John Sherman: Magic Wood Exposed
Magic Wood is a landslide of big boulders in a deep valley. It’s picture book Swiss alpine landscape dotted with tiny villages, cows wearing bells, and long waterfalls tumbling down the walls. Here’s the nearby village.
Dense forest hides the boulders, so the first indication that you’ve arrived is this sign.
Yes this is the ideal place for a grown man to take a young child into the boulderfield and show them the wonder of Magic Wood.
One of the first things I saw was this killer lowball compression rig.
I bet that sign to the right tells all about it.
Oh, it’s just something about man’s relationship with nature. My German’s a bit rusty, but I assume it says what a royal pain in the ass nature can be to man and that man has every right to put nature in its place.
Sure enough, Mother nature has laced the trail with slippery exposed tree roots and filled the gaps between with mud.
But it’s well marked with fluorescent spray paint
The ’08 8a.nu Yearbook gives Magic Wood three stars out of five for it’s landings.
This one is pretty typical. I’d only give it two stars myself (one star being falling into the maw of a running snow blower), but that was before I saw the conveniently fixed pad in the bottom of the pit.
Not only does it absorb falls, it absorbs water too.
The following pad is much better stashed.
It’s just feet from the trail and easily visible so you don’t have to hunt for it. The plastic wrap really helps cut down on the sponge effect.
Not all the landings are three-star gems, but with a little help...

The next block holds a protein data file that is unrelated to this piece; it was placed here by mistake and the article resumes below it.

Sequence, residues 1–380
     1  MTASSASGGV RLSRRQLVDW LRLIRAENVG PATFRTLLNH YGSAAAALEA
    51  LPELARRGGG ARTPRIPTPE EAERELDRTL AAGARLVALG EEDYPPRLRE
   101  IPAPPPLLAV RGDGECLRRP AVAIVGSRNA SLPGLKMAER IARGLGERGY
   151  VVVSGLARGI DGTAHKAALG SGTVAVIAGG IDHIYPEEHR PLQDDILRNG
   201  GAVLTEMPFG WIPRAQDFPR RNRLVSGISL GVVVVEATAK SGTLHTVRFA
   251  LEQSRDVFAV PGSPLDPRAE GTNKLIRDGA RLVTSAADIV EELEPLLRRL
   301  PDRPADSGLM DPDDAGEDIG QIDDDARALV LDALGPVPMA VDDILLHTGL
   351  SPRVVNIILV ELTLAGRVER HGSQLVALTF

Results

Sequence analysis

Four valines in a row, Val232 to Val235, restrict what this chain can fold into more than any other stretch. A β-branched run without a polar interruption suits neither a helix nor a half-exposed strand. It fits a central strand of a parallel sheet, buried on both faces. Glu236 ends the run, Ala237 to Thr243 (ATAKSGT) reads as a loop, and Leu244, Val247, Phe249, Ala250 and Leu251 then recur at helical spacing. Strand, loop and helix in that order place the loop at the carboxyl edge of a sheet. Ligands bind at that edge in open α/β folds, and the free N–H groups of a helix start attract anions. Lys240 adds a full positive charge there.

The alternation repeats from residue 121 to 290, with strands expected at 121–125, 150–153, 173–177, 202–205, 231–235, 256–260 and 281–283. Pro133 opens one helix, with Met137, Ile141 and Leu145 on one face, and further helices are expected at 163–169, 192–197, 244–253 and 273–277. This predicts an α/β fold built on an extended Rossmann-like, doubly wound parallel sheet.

Sometimes finding the problems can be tricky.
This is a real sloppy job of painting the problem number - I can barely make it out under all the chalk.
It’s so much easier when they just write the problem name in 3-inch sans serif script.
Red arrows denote highballs. I might not have known otherwise.
That problem was seriously cool - good holds, good line, good schist. Not to mention one of nearly a dozen problems at Magic Wood to have a flat landing.
One of the highlights of my trip there was my first V14, Never Ending Story. I’d never spotted anything that hard before.
Never Ending Story is just a few yards away from this beautiful stream.
So are these pretty pink flower petals.
Oh those aren’t petals, just someone’s tape wads they decided to share.
Out of curiosity I waited nearly a week to see if anyone would pick them up. Finally I packed them out, but now I feel kind of guilty because nobody else will get to look at them.
P-Rob had previously broken his ankle on Never Ending Story so he was counting on me. Here he is proudly skipping a blatantly chipped hold to grab another one.
He sent the whole deal a few tries later. I can vouch for that. Still in doubt? Ha! He caught it on video - take that bitches!
My proudest memory of Magic Wood would have to be my 265-tick session. Damn straight you heard it right - 265 ticks in one day. Actually in about one hour. Wore half the bristles off my brush. With enough training and a brush sponsor I think I could go to 300, maybe 400 next time.
Thanks for joining me on this trip through one of Europe’s iconic klettergardens. It doesn’t take long to see why Magic Wood is one of 8a.nu’s Top Ten Favorite Bouldering Areas in the world. When young children are led into the woods and left to their own devices, magic happens.